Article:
Attorney General Becerra Issues Consumer Alert on Price Gouging in Fire-Affected Communities Statewide
SACRAMENTO – California Attorney General Xavier Becerra today issued an alert reminding consumers that price-gouging prohibitions remain in effect in locations throughout the state. Attorney General Becerra reminds all Californians that price gouging during and after a state of emergency is illegal under Penal Code Section 396.
Price gouging is prohibited anywhere in the state where there is an increased consumer demand as a result of a declared emergency. Emergency Declarations are active in fire-affected communities across California, including Butte, Colusa, Lake, Mendocino, Napa, San Diego, Santa Barbara, Shasta, Siskiyou, Sonoma, and Ventura Counties. Local declarations may also trigger price-gouging protections.
“Families affected by wildfires throughout the state are trying to rebuild and recover, and they should be able to do so without the worry of being cheated. We remind consumers that California’s price gouging prohibitions apply not only during the immediate disaster, but also after a state of emergency has been declared, when families are working to rebuild,” said Attorney General Becerra. “Our State’s price gouging law protects people impacted by an emergency from illegal price gouging on housing, gas, food, and other essential supplies. I encourage anyone who has been the victim of price gouging, or who has information regarding potential price gouging, to immediately file a complaint through my Office’s website or call (800) 952-5225, or to contact their local police department or sheriff’s office.”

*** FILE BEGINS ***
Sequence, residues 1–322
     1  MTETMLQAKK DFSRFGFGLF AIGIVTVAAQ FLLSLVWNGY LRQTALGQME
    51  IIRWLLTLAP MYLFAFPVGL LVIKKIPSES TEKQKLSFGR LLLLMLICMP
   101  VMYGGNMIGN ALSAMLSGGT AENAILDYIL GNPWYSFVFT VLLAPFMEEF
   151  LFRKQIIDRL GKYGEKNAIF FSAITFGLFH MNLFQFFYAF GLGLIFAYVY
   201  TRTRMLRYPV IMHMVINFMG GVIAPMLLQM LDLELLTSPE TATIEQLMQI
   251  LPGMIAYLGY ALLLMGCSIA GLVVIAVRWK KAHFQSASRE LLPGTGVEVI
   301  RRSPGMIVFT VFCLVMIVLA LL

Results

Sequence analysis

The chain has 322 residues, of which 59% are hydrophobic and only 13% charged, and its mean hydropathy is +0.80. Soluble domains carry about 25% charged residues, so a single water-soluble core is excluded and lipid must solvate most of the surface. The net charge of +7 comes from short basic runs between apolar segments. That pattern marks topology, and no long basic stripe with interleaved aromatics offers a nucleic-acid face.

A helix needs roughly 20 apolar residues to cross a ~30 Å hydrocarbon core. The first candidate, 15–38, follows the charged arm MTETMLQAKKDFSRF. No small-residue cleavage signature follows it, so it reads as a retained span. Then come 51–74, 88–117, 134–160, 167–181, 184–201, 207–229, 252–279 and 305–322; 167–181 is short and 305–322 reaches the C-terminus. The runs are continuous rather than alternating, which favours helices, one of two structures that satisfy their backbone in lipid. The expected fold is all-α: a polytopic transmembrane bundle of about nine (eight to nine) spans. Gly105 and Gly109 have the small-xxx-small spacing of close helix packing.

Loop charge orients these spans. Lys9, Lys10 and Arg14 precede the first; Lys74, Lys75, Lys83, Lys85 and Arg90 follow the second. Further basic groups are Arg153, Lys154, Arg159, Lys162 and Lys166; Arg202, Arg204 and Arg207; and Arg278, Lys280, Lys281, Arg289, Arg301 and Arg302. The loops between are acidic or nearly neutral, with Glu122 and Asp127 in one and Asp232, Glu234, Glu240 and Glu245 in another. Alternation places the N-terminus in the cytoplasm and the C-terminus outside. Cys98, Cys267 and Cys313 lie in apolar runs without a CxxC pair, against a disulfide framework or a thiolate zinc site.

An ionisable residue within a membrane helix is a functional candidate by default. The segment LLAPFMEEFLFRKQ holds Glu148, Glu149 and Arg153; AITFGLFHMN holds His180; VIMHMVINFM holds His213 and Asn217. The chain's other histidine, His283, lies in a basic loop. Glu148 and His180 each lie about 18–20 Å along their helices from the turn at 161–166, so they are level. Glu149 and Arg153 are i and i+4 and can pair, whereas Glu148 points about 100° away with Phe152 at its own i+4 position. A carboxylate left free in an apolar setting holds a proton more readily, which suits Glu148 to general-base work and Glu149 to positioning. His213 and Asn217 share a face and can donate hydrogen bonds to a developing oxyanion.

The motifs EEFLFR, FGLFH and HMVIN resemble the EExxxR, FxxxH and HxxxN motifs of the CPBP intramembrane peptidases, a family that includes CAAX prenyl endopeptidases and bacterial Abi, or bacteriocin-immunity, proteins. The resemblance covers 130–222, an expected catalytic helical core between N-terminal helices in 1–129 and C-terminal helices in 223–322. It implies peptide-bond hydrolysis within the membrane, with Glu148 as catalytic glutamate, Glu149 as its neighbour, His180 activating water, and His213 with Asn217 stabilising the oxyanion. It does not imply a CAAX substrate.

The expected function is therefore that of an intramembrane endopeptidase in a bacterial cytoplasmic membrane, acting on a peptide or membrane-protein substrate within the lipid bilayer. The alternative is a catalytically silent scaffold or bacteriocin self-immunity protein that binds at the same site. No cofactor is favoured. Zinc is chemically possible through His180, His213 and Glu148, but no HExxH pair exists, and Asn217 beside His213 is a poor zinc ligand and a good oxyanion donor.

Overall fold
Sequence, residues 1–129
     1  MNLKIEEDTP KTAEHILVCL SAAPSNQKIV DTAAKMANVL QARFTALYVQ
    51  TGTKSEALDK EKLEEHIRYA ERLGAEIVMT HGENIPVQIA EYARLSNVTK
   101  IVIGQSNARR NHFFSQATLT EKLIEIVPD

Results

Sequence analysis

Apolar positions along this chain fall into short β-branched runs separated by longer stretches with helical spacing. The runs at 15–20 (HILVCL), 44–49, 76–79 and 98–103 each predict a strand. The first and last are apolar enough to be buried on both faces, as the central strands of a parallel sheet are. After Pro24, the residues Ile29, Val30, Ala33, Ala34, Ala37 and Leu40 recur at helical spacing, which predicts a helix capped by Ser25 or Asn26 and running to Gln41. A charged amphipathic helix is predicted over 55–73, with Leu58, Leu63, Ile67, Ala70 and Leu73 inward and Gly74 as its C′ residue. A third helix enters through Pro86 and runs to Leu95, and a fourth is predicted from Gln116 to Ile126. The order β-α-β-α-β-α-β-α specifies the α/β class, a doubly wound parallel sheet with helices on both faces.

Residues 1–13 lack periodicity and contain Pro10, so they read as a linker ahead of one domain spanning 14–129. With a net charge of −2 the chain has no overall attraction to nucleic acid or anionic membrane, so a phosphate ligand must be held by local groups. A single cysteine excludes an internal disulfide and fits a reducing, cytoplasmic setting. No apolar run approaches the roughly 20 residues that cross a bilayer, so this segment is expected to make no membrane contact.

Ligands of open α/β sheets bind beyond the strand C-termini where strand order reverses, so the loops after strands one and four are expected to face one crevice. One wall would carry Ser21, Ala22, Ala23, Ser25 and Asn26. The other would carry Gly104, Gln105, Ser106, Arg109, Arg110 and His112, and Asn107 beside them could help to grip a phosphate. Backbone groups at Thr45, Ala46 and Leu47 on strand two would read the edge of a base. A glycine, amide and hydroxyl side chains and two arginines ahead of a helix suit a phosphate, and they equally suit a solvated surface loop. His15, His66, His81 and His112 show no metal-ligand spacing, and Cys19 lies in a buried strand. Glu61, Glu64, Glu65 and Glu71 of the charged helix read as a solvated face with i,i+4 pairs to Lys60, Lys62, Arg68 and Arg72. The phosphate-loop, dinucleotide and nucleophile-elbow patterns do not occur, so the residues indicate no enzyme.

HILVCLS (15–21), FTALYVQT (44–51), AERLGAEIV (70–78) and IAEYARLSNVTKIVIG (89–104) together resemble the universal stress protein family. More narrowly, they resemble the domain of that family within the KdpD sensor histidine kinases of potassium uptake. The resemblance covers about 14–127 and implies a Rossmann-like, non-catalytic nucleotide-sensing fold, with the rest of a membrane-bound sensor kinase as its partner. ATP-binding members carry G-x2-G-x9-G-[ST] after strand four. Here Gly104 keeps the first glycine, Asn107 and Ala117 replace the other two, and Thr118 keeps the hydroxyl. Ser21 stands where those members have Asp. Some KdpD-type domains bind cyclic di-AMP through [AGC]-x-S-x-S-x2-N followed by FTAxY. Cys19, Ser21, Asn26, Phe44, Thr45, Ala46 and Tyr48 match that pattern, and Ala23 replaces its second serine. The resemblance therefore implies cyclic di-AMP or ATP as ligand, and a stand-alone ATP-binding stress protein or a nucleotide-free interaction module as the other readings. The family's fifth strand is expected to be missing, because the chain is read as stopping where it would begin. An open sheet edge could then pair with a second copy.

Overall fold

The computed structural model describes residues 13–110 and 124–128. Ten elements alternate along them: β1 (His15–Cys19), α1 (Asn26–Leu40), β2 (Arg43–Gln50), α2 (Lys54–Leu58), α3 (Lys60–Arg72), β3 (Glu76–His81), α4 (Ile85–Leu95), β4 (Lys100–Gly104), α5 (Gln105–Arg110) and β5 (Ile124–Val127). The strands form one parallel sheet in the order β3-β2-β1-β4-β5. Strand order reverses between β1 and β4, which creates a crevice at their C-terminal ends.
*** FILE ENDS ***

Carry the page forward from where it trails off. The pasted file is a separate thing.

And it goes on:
California law generally prohibits charging a price that exceeds, by more than 10 percent, the price of an item before a state or local declaration of emergency. This law applies to those who sell food, emergency supplies, medical supplies, building materials and gasoline. The law also applies to repair or reconstruction services, emergency cleanup services, transportation, freight and storage services, hotel accommodations and rental housing. Exceptions to this prohibition exist if, for example, the price of labor, goods, or materials has increased for the business.
Violators of the price gouging statute are subject to criminal prosecution that can result in a one-year imprisonment in county jail and/or a fine of up to $10,000. Violators are also subject to civil enforcement actions including civil penalties of up to $5,000 per violation, injunctive relief and mandatory restitution. The Attorney General and local district attorneys can enforce the statute.